Apple Inc. (AAPL) - Get Report shares were active in pre-market trading Monday following a weekend Tweet from President Donald Trump which warned that consumers would be forced to pay higher prices for its iphones and computers once fresh tariffs on China-made imports were imposed by the White House.
Trump named Apple, as well as U.S. automaker Ford Motor Co. (F) - Get Report in a series of Tweets Saturday that followed his threat to take the total amount of China-made goods subject to U.S. import tariffs to $517 billion, a figure that would dwarf last year's record $375 billion trade deficit and ignite a potentially damaging trade war with the world's second largest economy. Apple said Friday that the current tariff proposal, which targets $200 billion in China-made goods, could impact pricing for AirPods and the Apple Watch, but did not specifically mention the iPhone in a letter to the U.S. government.
"Our concern with these tariffs is that the U.S. will be hardest hit, and that will result in lower U.S. growth and competitiveness and higher prices for U.S. consumers," Apple said.
Action Alerts Plus holding Apple shares fell 1.65% to change hands at $217.6 each in the opening minutes of trading, a move that values the Cupertino, Calif.-based group at more than $1.07 trillion.
That said, several stocks in Apple's European and Asia-based supply chain were weaker at the start of trading with Austria-based AMS AG, (AMSSY) which earns an estimated 35% of its revenue from chip sales to Apple, falling 0.37%, Frankfurt-listed Dialog Semiconductor (DLGNF) sliding 2.12% and STMicroelectronics (STM) - Get Report retreating 1.54% in Amsterdam.
In overnight Asia trading, suppliers Luxshare Precision Co. Ltd. fell 10% while Lens Technology Co. Ltd. was marked 6.77% lower by the close of trading in Shenzen. Suzhou Dongshan Prevision Manufacturing Co. Ltd. was also marked 10% lower on the CSI 300 index.
Apple CEO Tim Cook addressed the issue of tariffs during the company's third quarter earnings call with investors, describing them as "a tax on the consumer" that winds up "resulting in lower economic growth (that can) sometimes can bring about significant risk of unintended consequences."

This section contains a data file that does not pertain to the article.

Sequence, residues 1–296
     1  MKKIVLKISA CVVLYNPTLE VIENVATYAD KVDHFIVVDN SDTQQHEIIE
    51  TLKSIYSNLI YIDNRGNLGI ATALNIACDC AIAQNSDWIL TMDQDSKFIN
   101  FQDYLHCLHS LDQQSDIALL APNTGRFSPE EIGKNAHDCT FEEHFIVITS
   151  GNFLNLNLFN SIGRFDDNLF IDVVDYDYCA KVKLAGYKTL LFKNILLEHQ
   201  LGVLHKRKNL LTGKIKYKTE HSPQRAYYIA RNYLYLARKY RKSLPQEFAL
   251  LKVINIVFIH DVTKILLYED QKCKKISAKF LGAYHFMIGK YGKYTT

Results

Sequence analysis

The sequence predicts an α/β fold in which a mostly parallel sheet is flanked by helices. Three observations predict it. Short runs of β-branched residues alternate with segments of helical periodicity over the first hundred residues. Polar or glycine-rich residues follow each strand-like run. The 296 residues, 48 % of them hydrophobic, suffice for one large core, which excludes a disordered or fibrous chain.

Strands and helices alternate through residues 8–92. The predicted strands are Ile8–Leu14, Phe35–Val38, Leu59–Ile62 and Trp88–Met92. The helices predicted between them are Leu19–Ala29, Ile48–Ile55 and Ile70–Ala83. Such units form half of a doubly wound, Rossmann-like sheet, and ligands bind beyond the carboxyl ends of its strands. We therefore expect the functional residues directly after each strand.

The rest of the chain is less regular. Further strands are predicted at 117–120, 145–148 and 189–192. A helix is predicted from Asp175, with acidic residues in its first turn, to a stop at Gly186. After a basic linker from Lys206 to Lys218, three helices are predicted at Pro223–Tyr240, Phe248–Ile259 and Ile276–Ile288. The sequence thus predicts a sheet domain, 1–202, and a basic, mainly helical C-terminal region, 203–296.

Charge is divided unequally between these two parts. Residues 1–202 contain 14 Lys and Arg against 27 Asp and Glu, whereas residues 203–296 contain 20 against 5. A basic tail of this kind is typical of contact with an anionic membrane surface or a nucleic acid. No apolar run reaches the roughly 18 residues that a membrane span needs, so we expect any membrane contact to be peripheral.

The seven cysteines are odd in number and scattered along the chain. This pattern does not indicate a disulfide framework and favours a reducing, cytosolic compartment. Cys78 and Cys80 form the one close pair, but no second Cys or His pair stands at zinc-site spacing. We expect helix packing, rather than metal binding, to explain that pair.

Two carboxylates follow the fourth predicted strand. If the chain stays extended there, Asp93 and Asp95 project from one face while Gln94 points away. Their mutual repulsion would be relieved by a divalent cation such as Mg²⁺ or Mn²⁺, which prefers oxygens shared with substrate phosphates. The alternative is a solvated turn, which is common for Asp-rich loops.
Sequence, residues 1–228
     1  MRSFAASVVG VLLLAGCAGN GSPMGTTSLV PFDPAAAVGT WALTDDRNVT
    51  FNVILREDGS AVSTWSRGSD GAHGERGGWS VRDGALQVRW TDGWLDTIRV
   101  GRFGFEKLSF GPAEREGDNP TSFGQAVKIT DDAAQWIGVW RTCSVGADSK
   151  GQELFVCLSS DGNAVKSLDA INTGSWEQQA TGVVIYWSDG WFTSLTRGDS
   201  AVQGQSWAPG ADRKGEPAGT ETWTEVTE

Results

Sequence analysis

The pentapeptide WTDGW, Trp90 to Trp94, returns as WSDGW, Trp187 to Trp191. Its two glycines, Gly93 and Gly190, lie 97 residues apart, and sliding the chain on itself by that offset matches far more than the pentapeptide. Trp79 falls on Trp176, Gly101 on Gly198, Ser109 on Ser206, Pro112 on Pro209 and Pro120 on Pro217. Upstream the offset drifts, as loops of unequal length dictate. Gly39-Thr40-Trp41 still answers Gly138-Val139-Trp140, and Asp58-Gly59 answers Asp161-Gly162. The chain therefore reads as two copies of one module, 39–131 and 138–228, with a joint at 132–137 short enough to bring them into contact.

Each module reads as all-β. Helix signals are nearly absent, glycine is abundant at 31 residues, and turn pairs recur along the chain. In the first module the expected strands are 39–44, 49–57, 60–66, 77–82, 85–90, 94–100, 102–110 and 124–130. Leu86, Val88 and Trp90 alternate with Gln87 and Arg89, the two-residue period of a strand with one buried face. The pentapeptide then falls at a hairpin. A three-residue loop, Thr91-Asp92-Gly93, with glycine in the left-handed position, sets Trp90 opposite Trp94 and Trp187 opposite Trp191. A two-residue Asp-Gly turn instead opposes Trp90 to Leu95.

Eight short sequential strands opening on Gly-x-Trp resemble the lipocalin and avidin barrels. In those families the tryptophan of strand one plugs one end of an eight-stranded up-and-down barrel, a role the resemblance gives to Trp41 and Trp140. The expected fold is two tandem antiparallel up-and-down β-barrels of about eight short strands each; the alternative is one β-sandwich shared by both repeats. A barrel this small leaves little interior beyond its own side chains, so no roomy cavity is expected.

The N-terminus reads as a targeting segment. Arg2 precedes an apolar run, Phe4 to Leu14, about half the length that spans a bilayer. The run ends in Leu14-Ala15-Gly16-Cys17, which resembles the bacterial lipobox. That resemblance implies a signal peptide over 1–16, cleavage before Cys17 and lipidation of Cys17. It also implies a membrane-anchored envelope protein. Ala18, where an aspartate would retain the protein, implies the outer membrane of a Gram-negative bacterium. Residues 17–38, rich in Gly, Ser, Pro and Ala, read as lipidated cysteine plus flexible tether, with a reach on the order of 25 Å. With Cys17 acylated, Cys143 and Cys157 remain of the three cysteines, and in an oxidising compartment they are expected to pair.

A recent analysis from IHS Markit estimated that the factory cost of an iPhone 7, which is assembled in China but uses components from various countries including South Korea, Japan and Taiwan, is about $237, a figure that is then used by U.S. customs officials when they are calculating trade activity with China.
However, the U.S. contribution to the construction of an iPhone is around $69, compared to the China-based contribution of around $8.50, meaning tariffs based on the import of an iPhone would hit both U.S. companies and U.S. consumers harder than they would those in China.
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Cook himself described the public consultation process for the proposed tariffs on $200 billion in China-made goods "tedious" because, he said, "you not only have to analyze the revenue products, which are a bit more straightforward to analyze, but you also have to analyze the purchases that you're making through other companies that are not related to revenue."